The AWOL was a touring bike in the sense that it had rack mounts, clearances for, at the time, big tires and it came specced in both its Poler and Trans-Continental limited-edition build kits with racks and panniers. Sounds like a touring bike to me! While this isn’t an article about the AWOL, I can’t help but see the face-value similarities between it and the Sutra Unlimited, or ULTD for short.

Now, the AWOL came out in 2014, and in these past six years, a lot has changed in the touring or bikepacking world for me but one thing remains constant: I love fat tire tourers, and the Sutra ULTD really impressed me. It pulled at all the heartstrings…

Not a Yeti: Gravel Jesus’ Surly Midnight Special Pro Fro Tribute Bike

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Not a Yeti: Gravel Jesus’ Surly Midnight Special Pro Fro Tribute Bike

The mid of March is usually a time where you think about the upcoming season and what kind of adventures you are going to tackle during springtime. Suddenly, the world is closing down, throwing everyone into the status of the unknown. Leaving us with restless and raving minds. Diving into the world of bikes has always been a great way of escaping reality for me. Let it be physically or virtually – if you don´t have the chance for some saddle time.

I was blessed to have the chance of getting my first taste of ultra-cycling at the Atlas Mountain Race last February. The harsh brutality of the Morrocan rock fields brought up the first ideas for this project. Rocks and smaller stones hitting my frame and rims for hours let me think about how I would repaint my bike after the race.

The Bikes of the 2020 Chris King ‘Not So’ Open House Part 02: Pursuit, Rock Lobster, Sage, Speedvagen, Sycip

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The Bikes of the 2020 Chris King ‘Not So’ Open House Part 02: Pursuit, Rock Lobster, Sage, Speedvagen, Sycip

With Covid-19 throwing a wrench in the spokes of the traditional tradeshow schedule, even open houses have had to switch to an online, or virtual, format. We saw this earlier in the year with ENVE and now, the 2020 Chris King Open House. While it wasn’t safe to travel to Portland to document the bikes, Chris King’s in-house photographer Jacob Olsen did a stellar job at documenting all ten bikes, while videography team Modify Content knocked out some great, in-depth video profiles of these handmade marvels. We’ve got part two today, featuring Pursuit, Rock Lobster, Sage, Speedvagen, and Sycip, so let’s jump right in…

Ratio, A UK Startup, Releases a 1×12 Mechanical Upgrade Kit for £49.50

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Ratio, A UK Startup, Releases a 1×12 Mechanical Upgrade Kit for £49.50

The Ratio upgrade kit allows you to pair 11-speed mechanical shifters with 12-speed Eagle MTB derailleurs and cassettes. While it includes dissecting your shifter and derailleur, Ratio’s instructions are super clear and enable you to ride a wide-range 1×12 drivetrain on a gravel, road, or touring bike without the expense and hassle of electronics and batteries.

Check out the Upgrade Kit at Ratio. We just bought a kit, so stay tuned for a full-review in the near future.

SRAM’s Eagle GX Offers 52t at an Affordable Price but Is It Worth It?

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SRAM’s Eagle GX Offers 52t at an Affordable Price but Is It Worth It?

We often joke that Eagle GX killed the singlespeed MTB and by “we” I mean myself and Bailey Newbrey, someone who knows a lot about SSMTB riding and racing. Using Bailey in this opening sentence is relevant for a number of reasons and yes, it also legitimizes that statement in many ways. While this won’t be a history lesson in SSMTB riding, it does mull over the antithesis of that, SRAM’s Eagle GX drivetrain.

I’ve been riding the new Eagle GX with its massive 52t cassette for a few months now and have finally flogged it enough to be able to write an honest review of this system, so read on below.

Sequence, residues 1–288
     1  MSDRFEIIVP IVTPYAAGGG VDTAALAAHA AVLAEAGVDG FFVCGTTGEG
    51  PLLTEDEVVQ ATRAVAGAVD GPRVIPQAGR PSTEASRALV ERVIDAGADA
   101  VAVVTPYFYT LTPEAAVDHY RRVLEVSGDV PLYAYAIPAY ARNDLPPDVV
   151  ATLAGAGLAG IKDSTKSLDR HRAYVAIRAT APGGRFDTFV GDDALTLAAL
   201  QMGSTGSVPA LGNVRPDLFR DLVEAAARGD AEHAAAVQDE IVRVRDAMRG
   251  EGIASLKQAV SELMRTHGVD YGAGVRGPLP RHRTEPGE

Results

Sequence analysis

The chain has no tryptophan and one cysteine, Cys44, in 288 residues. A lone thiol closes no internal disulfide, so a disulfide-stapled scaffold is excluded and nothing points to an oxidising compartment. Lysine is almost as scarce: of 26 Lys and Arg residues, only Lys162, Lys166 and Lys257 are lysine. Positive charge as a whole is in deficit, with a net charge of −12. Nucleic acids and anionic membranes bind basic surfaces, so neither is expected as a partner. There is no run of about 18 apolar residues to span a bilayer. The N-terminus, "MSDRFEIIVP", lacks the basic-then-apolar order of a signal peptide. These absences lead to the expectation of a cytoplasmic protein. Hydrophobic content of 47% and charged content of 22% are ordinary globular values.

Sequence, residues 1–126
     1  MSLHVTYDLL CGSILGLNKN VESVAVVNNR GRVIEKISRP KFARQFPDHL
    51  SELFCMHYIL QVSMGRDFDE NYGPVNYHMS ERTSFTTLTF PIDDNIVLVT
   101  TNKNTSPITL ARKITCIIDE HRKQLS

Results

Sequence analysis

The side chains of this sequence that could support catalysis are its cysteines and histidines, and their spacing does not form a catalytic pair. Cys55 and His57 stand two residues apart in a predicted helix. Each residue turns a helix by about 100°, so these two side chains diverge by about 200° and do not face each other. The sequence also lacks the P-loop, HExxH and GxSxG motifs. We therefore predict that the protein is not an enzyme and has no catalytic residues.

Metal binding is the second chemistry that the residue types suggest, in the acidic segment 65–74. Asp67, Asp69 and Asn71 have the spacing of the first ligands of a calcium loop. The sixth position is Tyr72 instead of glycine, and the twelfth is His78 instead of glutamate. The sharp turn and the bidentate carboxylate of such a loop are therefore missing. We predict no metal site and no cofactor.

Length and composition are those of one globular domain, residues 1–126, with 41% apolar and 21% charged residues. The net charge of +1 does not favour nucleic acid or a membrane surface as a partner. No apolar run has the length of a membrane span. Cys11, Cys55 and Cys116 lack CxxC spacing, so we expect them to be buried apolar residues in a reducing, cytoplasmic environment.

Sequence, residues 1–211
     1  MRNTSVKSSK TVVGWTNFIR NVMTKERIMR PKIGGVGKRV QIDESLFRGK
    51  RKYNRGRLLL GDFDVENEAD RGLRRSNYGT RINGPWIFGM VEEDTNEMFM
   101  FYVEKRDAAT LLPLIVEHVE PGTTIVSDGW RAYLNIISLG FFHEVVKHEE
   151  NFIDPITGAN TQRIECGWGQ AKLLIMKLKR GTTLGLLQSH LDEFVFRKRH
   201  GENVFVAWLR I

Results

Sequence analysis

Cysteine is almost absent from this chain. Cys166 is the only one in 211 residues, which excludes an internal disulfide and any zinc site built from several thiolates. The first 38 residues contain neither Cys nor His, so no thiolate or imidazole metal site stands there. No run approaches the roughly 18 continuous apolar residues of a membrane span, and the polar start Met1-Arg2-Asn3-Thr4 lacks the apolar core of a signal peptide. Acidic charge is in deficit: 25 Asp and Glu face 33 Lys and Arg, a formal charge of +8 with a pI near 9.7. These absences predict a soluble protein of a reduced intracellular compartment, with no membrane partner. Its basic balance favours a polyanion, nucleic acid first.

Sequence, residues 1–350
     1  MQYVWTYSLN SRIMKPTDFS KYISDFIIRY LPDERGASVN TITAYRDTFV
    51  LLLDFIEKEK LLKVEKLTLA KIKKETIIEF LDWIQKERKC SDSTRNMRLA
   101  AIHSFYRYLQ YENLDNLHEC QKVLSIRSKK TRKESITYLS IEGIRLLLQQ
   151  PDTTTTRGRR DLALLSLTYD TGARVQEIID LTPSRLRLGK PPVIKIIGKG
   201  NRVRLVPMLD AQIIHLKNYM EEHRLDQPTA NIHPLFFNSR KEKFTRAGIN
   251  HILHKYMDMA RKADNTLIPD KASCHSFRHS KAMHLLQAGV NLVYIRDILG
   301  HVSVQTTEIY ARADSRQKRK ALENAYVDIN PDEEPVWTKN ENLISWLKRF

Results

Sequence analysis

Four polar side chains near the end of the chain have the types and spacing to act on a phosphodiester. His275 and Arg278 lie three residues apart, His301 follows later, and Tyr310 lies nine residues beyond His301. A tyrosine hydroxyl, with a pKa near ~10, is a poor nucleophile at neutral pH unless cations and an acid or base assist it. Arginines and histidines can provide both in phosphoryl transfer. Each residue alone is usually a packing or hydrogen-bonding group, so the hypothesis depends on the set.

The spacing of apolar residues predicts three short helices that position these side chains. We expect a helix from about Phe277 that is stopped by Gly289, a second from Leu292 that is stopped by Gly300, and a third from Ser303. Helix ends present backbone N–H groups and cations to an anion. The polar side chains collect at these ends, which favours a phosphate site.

Renee Hutchens on the Land for RockShox

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Renee Hutchens on the Land for RockShox

Photo by Eric Arce

There’s been a lot of discussions on what “land” means here on this website and today our friend Renee Hutchens shared her thoughts at the RockShox website. The article is a great read and I encourage everyone to give it a read.

“Kinship, or K’é reflects a deep relationship with each other spanning generations upon generations. This is the seed of our resilience. The fact that I am here today speaks to this — it means my family, like every Indigenous family, did whatever they could to survive hundreds of years of violence, forced removal, forced assimilation, genocide, destruction of our cultures, identities, our land, and natural resources. Despite all of this they ensured my existence today. But the violence of colonial thinking never ended. We live in a country that continues to render us invisible. Indigenous erasure is our modern form of racism that continues to inflict trauma on top of historical trauma. Therefore, I’m drawn to go to a place where I am seen and heard, where I can heal, re(connect) with my identity, culture, and traditions.

This place is on the land.”

Read this exceptional piece at RockShox

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A SRAM 1×13 Mechanical Hack

Never underestimate consumer motivation. While SRAM doesn’t offer a 1×13 mechanical kit, it’s not stopping fans from hacking the AXS-native gear range. Black Water Cyclist‘s latest video shows how they manipulated a mechanical group to hit the entire 1×13 range.

The Pursuit Cycles LeadOut AR Prototype and Hand “Painted”

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The Pursuit Cycles LeadOut AR Prototype and Hand “Painted”

During the fabrication of a Pursuit Cycles, Carl Strong’s custom carbon brand, each of the six sections of the MUSA carbon frame come out of the mold and then are printed with some stats. This includes mold number, frame size, layup version, and a number of parts made from that mold, then finally weight is handwritten on. Eventually, when the frame is complete and getting prep for paint these notes are removed. As this bike was one of the firsts Lead Out ARs to be produced this idea hooked me, I loved the process and tracking, I wanted to play into that. Taking some inspiration from recent sneaker trends as well. I decided on a Helvetica style to the point design.